A portrait or an idealised image of female beauty?
The focus of the exhibition is the female portrait by Titian, best known as “La Bella”, now presented after the restoration carried out in the Opificio delle Pietre Dure in Florence, performed by Patrizia Riitano under the guidance of Marco Ciatti.
“La Bella”, purchased around 1536-38 by the Duke of Urbino Francesco Maria I Della Rovere, arrived in Florence in 1631 with the rest of the dowry of Vittoria della Rovere, the betrothed of Ferdinando II de’ Medici. “La Bella” passed to Cardinal Francesco Maria in 1694 and, after his death in 1711, to Grand Duke Cosimo III. Always registered in the Pitti Palace during the eighteenth century, it was included in the Palatine Gallery from its earliest days at the end of the eighteenth century. During the Napoleonic looting of art, the painting was brought to Paris with 62 other masterpieces from the Pitti Palace.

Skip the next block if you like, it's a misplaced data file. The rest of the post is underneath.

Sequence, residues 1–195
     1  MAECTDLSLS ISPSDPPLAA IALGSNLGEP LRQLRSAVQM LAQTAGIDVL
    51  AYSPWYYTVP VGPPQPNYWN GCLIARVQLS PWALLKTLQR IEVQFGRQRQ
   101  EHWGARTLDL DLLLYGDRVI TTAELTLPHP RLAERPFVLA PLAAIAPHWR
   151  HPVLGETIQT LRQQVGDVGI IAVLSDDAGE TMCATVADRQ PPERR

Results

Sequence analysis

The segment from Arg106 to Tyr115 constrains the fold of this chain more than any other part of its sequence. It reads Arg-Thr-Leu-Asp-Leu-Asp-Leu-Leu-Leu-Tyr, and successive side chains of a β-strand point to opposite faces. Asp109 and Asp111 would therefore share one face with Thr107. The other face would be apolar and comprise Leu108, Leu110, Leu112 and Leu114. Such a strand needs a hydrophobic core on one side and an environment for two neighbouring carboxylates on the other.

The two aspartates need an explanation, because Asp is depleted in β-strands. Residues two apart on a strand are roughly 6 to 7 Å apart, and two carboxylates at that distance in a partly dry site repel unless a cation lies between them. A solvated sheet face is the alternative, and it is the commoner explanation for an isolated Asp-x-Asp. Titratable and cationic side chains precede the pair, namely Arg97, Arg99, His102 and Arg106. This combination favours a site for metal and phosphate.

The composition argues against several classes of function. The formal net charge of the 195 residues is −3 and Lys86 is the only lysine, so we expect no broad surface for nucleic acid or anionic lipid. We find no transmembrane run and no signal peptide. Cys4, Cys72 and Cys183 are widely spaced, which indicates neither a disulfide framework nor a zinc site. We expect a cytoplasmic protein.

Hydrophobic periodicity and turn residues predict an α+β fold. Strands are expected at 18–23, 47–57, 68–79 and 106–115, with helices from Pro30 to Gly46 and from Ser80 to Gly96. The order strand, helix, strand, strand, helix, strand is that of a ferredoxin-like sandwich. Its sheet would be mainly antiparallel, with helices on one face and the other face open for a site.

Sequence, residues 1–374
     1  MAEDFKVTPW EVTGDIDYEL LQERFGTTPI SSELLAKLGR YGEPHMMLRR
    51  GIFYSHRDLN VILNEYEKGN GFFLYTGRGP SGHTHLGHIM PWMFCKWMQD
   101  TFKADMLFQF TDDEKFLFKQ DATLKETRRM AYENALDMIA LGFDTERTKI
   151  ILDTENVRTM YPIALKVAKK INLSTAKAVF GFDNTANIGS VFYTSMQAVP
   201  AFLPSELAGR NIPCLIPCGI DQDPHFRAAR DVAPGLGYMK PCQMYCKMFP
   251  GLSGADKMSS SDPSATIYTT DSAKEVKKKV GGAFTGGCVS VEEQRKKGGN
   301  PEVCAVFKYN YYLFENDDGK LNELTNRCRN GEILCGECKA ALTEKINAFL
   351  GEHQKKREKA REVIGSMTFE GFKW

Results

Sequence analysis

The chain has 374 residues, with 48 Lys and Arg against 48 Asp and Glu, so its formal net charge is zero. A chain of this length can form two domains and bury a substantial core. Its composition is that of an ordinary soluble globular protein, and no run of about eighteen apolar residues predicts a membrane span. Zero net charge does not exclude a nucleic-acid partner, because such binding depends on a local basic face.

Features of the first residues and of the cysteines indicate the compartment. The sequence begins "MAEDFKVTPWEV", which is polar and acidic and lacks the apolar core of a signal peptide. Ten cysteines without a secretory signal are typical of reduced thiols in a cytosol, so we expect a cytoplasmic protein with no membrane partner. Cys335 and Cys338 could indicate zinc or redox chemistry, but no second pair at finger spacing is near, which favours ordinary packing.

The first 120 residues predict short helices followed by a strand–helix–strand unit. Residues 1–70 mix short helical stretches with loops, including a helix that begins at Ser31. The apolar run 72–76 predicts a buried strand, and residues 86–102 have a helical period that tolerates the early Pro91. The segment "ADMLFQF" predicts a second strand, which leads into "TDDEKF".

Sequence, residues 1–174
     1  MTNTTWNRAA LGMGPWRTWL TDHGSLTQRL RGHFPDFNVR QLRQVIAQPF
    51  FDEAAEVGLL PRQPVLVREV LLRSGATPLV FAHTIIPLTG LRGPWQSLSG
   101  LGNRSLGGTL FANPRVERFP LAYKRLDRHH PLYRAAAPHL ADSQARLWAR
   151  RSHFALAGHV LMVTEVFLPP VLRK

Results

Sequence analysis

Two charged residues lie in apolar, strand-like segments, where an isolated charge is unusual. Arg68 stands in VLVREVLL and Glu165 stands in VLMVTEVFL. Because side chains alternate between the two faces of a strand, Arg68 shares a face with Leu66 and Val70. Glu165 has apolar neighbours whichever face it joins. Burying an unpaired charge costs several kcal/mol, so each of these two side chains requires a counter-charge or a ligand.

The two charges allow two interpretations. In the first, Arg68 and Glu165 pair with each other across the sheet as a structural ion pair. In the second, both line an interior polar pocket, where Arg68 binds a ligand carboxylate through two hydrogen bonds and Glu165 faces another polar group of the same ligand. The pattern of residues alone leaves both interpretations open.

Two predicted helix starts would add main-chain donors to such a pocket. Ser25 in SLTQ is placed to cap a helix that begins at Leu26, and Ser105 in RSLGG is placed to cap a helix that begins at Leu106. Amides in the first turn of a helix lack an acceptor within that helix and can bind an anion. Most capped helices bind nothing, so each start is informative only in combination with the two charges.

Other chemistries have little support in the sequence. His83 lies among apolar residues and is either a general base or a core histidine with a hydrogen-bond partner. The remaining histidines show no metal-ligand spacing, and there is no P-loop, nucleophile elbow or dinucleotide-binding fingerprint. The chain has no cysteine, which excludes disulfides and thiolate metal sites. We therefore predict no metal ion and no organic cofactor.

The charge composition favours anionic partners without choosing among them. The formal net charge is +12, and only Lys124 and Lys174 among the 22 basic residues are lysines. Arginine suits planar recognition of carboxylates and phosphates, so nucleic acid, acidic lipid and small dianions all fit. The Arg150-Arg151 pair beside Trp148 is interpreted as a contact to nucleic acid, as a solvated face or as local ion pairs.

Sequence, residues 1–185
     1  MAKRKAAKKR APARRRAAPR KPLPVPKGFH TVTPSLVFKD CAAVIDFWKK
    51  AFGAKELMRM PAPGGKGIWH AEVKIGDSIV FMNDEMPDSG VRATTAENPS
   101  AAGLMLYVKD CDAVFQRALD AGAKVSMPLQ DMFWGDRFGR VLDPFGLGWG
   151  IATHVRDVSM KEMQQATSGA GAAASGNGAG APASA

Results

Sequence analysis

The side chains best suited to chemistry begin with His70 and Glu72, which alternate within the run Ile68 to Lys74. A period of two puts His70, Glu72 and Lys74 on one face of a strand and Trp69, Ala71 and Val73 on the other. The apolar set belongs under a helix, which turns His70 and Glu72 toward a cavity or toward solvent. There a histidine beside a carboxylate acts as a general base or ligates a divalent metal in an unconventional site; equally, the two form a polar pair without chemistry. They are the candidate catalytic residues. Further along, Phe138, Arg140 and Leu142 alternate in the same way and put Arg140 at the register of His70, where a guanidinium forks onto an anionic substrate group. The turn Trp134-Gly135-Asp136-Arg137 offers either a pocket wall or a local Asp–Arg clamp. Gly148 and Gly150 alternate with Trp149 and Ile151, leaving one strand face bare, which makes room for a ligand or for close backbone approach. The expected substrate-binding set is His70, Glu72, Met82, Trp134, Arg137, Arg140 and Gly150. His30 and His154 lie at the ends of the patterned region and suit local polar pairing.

The exhibition is enhanced by a number of outstanding loans such as the Girl in a Fur from the Kunsthistorisches Museum of Vienna, the Portrait of Francesco Maria della Rovere and its preparatory drawing. On display there are also a number of samples of blue damask from the Bargello, as well as manuscripts and printed works from the Florence National Central Library and the State Archives of Florence.
The State Archives of Florence is the lender of the famous letter of 2 May 1536 in which Duke Francesco Maria della Rovere asks his “orator” in Venice to urge Titian to send the portrait of “that woman who has the blue dress” or, precisely, “La Bella”.